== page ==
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Watt is going on?

  1. Apr 26, 2012 #1
    Ok, I'm preparing to get shot down here because maybe this is a really dumb question but here we go...

    How does an electric current know to supply more energy (joules per second) to higher wattage appliances?

    For example:

    At home I can plug a 10W, 50W, 60W or 100W light bulb into a socket and they all work and emit different brightnesses. Why?

    What is it about the 100W light bulb that makes it draw more power? It is the resistance? If so does it have more or less than a 60W? Iif it has less R then surely it wouldn't get so hot and therefore so bright and if it had more R then, well, I can't understand why that would make it bright either.

    Have I just asked the most stupid question ever on Physics Forum? If anyone can help me clear this up that would be great.

  2. jcsd
  3. Apr 26, 2012 #2
    V = IR and Power = VI . Does it answer your question ?

    P.S And this is the worst explanation ever :P
    Last edited: Apr 26, 2012
  4. Apr 26, 2012 #3


    User Avatar

    Staff: Mentor

    You are right in saying that the lower resistance device draws more current. With the house voltage being the same in each case, then the lowest resistance bulb is delivered the most power, i.e., the most heat energy, so it's able to produce the most light energy.
    If you lower the resistance then it draws more current. Power = voltage x current

    The reason different metal resistances glow differently is almost entirely due to the temperature of their surface, the hotter each tiny glowing area on the surface, the whiter (or bluer) it glows. To cause a small flashlight bulb's filament to glow about as white as does the filament in your large 100W bulb, despite the greatly reduced power in the smaller bulb, the filament is wound smaller and is much thinner and shorter in order to concentrate the heat energy in a small volume of filament metal and raise the local surface temperature to nearly that of the local surface temperature of the larger bulb's much larger filament. The rarified gases in the bulb are designed to reduce the rate at which heat escapes from the bulb, meaning less electrical energy is needed to maintain the high temperature of the glowing filament.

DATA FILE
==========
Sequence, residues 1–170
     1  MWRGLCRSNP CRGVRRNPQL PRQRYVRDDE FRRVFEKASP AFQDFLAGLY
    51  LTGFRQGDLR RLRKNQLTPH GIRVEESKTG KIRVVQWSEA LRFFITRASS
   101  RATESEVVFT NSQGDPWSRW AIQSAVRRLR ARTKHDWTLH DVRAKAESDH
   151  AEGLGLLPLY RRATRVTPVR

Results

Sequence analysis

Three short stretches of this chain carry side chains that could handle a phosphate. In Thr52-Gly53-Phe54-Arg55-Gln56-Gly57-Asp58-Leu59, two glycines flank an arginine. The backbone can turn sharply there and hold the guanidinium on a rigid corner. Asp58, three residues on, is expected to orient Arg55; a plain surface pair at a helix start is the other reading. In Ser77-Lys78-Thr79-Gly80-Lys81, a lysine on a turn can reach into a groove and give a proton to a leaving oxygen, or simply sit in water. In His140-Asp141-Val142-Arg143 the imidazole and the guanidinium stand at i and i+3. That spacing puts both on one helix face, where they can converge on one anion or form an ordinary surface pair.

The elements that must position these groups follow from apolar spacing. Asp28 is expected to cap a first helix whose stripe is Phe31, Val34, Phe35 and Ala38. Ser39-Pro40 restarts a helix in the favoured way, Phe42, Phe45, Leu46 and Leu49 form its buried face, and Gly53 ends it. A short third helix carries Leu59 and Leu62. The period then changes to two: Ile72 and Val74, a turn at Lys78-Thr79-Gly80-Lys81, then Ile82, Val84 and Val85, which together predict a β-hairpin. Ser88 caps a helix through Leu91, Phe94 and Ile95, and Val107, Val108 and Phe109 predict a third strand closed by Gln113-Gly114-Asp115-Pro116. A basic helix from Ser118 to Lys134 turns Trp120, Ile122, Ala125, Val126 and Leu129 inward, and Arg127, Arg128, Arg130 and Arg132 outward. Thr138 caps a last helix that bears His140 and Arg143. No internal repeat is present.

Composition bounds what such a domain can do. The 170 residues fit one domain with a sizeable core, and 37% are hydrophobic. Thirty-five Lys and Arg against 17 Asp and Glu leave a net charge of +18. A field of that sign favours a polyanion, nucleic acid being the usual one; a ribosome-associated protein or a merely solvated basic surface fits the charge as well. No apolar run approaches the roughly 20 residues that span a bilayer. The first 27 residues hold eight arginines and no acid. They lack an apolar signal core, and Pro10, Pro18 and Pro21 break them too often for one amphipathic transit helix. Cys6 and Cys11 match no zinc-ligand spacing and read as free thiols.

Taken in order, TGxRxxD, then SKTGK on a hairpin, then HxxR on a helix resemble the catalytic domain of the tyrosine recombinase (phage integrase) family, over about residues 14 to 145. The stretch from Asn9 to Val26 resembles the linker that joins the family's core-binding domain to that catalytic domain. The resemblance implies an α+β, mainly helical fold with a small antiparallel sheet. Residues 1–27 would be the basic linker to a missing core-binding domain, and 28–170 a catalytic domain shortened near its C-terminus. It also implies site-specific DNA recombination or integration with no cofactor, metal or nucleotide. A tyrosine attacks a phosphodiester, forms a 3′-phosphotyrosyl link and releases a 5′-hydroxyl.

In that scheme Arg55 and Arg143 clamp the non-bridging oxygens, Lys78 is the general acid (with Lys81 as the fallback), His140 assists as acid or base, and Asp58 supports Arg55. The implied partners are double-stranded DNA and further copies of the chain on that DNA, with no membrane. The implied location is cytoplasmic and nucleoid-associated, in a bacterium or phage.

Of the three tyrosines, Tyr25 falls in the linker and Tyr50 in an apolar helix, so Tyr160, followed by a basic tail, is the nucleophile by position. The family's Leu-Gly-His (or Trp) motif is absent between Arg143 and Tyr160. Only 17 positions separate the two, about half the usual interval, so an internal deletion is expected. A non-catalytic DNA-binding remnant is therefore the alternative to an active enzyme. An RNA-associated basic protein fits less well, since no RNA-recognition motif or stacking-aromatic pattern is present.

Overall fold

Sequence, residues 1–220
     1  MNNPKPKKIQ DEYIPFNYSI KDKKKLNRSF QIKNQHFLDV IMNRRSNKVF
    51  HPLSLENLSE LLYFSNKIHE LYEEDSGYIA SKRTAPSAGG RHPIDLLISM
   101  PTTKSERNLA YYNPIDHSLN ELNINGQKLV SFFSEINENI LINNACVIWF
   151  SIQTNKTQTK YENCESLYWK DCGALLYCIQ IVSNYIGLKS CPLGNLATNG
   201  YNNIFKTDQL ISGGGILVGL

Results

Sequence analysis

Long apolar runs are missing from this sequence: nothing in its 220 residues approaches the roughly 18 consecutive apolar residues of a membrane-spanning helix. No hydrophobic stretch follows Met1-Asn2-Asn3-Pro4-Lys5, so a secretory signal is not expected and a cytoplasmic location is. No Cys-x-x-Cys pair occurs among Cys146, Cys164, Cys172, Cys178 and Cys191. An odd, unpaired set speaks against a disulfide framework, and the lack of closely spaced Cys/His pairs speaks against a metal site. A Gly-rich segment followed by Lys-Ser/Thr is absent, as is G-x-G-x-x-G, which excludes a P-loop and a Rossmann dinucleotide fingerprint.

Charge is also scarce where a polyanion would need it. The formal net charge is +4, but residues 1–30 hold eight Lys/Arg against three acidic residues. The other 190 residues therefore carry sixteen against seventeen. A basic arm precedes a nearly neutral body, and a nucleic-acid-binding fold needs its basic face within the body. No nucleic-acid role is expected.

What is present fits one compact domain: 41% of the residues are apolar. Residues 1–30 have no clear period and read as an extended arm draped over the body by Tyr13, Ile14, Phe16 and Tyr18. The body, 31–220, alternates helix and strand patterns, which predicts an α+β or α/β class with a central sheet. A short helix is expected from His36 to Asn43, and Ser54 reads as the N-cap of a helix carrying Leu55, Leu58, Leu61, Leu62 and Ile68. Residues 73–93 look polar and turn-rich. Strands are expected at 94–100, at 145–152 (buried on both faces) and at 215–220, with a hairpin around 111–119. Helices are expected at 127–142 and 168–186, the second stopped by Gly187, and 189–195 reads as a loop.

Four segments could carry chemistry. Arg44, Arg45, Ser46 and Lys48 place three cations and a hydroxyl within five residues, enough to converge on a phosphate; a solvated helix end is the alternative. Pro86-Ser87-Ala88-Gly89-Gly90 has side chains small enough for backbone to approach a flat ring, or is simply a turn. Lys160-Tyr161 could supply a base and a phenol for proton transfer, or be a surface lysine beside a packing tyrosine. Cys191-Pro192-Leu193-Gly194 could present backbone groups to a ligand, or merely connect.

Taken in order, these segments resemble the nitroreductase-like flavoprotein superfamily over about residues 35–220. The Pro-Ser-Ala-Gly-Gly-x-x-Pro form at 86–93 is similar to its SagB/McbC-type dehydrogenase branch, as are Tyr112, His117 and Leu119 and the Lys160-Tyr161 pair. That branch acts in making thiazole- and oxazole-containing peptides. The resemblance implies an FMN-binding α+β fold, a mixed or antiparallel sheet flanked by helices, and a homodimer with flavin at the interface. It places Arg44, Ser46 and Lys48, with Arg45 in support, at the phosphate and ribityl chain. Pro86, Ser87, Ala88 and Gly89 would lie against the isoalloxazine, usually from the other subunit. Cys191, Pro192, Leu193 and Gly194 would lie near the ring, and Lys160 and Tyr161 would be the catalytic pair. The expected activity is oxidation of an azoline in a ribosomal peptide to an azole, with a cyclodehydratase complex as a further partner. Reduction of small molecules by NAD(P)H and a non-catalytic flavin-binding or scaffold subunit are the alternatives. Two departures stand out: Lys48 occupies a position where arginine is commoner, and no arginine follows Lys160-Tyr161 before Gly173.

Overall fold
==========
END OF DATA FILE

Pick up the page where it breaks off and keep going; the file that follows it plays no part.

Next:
Compare the incandescent light bulb with the heating element on your electric stove. Your stove element is a much lower resistance so draws much greater current and generates a lot more heat energy. But the stove element has much greater volume (it's very thick and also much longer) than the filament in any light globe so the heat energy distributed over the element's much greater surface area fails to raise the local surface temperature much above a dull red glow. The heat is not concentrated in a small space and so fails to raise the temperature nearly as much as happens in a light bulb, before the element's heat escapes to warm the metal of the saucepan resting on it.

    I hope that helps you to make the resistance power heat temperature connection. i0om5.gif

  5. Apr 27, 2012 #4
    It is better to remain silent and be thought a fool than to speak out and remove all doubt. Jokes apart, stupid is one who had a question but made no effort to get an answer. Feel free to ask more questions.
  6. Apr 27, 2012 #5
    remember: "the only stupid question is the one you never asked"
    Last edited: Apr 27, 2012
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